businesses can figure out their vulnerability is to hire a testing
company to see how well their security providers are performing. Such
testing uses a combination of software and "ethical hacking" to
analyze a company's security.

Gehringer said that more and more, he has been put in the
"uncomfortable" position of testing the security infrastructure of a
company that's already being hosted by a managed security provider.

"Sometimes, the customers are suspicious or don't trust them,"
Gehringer said. "But that brings up a touchy issue," because if the
service provider is doing its job, it will be monitoring to detect
intrusions and will be alerted when the testers begin poking around.

One reason that customers are not getting the services they think they
should comes down to money.

"Managed security providers want to sell you something they think
you're going to buy," said Karen Worstell, president and CEO of
AtomicTangerine, which offers an MSSP service. "So they'll price it in
a way that's attractive, but they can't afford then to offer the
services you really need."

The burgeoning number of providers that have set themselves up to
provide managed security has a wide range of qualifications. Some are
solely managed security companies, such as Riptech; some are hosting
companies that have moved into security, such as Exodus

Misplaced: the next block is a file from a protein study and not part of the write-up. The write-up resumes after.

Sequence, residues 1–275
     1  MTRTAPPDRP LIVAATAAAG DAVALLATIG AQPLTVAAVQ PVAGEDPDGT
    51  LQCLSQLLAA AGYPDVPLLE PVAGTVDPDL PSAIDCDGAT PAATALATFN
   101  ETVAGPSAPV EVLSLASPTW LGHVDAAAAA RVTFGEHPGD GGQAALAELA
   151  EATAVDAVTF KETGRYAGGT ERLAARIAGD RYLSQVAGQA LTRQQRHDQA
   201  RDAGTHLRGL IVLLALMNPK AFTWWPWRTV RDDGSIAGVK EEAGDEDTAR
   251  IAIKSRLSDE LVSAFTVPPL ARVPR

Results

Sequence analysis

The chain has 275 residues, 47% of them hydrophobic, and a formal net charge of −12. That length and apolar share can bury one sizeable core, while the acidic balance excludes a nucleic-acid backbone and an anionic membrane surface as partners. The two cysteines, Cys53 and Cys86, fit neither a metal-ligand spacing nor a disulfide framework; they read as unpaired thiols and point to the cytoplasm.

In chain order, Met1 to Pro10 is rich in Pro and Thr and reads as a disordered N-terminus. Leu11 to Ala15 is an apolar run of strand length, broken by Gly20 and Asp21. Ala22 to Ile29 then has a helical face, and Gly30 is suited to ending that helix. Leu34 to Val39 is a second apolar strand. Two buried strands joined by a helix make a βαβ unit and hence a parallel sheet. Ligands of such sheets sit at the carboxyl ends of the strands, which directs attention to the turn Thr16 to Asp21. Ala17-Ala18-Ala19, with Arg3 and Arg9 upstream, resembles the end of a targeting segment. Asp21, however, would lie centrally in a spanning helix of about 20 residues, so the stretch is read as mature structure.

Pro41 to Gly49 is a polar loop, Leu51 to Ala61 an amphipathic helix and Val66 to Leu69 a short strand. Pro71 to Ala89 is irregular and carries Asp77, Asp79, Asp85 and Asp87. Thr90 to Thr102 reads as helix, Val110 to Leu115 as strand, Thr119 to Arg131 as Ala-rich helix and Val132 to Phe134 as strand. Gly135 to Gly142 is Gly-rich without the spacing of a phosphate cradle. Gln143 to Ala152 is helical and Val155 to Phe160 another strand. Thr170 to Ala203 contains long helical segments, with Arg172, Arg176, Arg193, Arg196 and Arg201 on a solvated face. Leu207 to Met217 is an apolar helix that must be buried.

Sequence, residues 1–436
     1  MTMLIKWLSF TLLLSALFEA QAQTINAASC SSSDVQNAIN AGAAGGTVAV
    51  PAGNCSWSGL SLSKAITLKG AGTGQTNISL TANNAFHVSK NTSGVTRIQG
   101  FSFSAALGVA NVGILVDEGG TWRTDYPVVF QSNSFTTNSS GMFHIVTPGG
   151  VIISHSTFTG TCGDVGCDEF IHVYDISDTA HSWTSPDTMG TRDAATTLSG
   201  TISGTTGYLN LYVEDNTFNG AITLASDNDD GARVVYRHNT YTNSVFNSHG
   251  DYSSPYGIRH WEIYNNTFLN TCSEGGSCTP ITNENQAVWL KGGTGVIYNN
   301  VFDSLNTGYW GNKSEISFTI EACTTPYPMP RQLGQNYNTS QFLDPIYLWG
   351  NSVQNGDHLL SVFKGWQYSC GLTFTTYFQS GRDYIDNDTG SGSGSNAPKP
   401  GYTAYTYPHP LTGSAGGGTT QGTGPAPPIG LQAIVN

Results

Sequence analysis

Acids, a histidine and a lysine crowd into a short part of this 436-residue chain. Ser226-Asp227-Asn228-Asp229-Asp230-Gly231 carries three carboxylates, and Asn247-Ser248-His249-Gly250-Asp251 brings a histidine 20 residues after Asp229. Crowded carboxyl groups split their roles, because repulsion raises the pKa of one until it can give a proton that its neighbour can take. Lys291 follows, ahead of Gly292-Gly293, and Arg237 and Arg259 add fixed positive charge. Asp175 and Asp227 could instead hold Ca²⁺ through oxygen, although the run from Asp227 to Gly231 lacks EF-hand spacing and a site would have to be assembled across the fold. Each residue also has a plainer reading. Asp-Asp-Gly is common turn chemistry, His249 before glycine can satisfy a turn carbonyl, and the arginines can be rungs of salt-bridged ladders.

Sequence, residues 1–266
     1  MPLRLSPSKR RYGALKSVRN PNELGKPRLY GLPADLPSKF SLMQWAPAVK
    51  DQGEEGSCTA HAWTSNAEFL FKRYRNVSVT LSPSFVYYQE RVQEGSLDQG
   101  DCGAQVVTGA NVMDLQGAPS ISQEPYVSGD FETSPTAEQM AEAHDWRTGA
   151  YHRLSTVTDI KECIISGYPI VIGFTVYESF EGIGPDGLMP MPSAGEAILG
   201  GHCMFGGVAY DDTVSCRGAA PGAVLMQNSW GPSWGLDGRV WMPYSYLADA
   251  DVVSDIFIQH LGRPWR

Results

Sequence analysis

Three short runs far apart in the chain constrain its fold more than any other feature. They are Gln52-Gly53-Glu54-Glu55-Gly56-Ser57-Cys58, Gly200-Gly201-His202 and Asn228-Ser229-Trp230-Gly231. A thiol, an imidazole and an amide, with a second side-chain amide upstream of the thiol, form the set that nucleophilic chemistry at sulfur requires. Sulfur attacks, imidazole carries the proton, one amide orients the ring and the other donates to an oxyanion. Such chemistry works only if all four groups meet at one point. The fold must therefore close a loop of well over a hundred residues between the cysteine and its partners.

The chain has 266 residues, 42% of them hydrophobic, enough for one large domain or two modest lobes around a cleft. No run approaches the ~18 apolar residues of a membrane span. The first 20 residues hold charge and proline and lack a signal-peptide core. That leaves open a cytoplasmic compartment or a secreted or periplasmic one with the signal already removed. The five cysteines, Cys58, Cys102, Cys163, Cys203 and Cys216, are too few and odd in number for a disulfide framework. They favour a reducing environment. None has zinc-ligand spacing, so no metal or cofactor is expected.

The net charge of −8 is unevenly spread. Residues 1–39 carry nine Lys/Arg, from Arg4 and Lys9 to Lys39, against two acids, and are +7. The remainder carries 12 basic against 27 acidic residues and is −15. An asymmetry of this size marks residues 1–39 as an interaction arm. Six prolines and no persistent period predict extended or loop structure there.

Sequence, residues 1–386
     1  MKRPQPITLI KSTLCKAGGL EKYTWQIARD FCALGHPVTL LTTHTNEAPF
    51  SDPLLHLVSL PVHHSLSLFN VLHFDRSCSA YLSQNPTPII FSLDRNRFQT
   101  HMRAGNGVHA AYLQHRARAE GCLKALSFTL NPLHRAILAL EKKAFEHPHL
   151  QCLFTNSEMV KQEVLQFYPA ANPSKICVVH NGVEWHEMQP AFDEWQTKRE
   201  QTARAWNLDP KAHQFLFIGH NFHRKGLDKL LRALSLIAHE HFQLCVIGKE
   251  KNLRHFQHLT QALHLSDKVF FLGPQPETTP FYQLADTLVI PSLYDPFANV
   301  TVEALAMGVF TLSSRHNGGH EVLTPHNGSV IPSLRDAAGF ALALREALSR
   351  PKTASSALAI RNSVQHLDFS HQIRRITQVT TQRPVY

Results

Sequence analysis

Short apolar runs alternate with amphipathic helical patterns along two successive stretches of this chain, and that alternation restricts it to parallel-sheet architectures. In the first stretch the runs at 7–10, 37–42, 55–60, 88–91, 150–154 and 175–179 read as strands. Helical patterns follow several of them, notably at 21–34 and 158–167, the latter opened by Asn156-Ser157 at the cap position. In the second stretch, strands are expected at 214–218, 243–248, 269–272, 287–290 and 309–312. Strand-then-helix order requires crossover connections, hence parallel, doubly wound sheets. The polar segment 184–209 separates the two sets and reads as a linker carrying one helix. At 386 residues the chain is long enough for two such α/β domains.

Communications; and some are software companies, such as Symantec,
that also provide a hosting service using their security tools.

Since so many service providers have seen the revenue potential in
offering a security solution, increasing price pressure has hit the
industry, said Andrew Schroepfer, president of Tier 1 Research.

"The trend happened when everyone was building these data centers, and
you tried to be capital-efficient and you had to sell something,"
Schroepfer said. "And then managed security came along. Now there's
pricing pressure, because there are so many services on the market."

Data hosting provider Verio made a bold announcement in April, when
officials said they partnered with Riptech to provide customers
managed security - because they didn't believe they were qualified to
do so.

That was the reason Bob Fetterman, president and CEO of iDashes, a
15-person performance management software company, went with the
Verio/Riptech solution. "If your service provider was doing something
they weren't supposed to be doing, would they tell you? Probably not,"
Fetterman said. "Whereas Riptech is a third party, so we can see all
the things scanned on Verio's network . . . and that makes us feel a
lot better than having it integrated in one service provider."

The problems that exist between an MSSP and the customer stem less
often from negligence than from miscommunication between the two
parties.

Sometimes the translation doesn't compute when I-managers, who are
admittedly not security experts, try to tell security experts what
they want.

"People don't know how to ask for what they need," AtomicTangerine's
Worstell said.

For example, a company may want an MSSP to manage its firewall, but
there are many variables to managing a firewall - such as proper
configuration, applying the latest patches, ensuring availability and
stability, and, most valuable, monitoring the traffic that hits the
firewall, either in real-time or through daily reports.

Such misunderstandings can be most dangerous because they can lead a
company to believe it is secure, and "a false sense of security is
worse than knowing you're not secure," Riptech's Yoran said.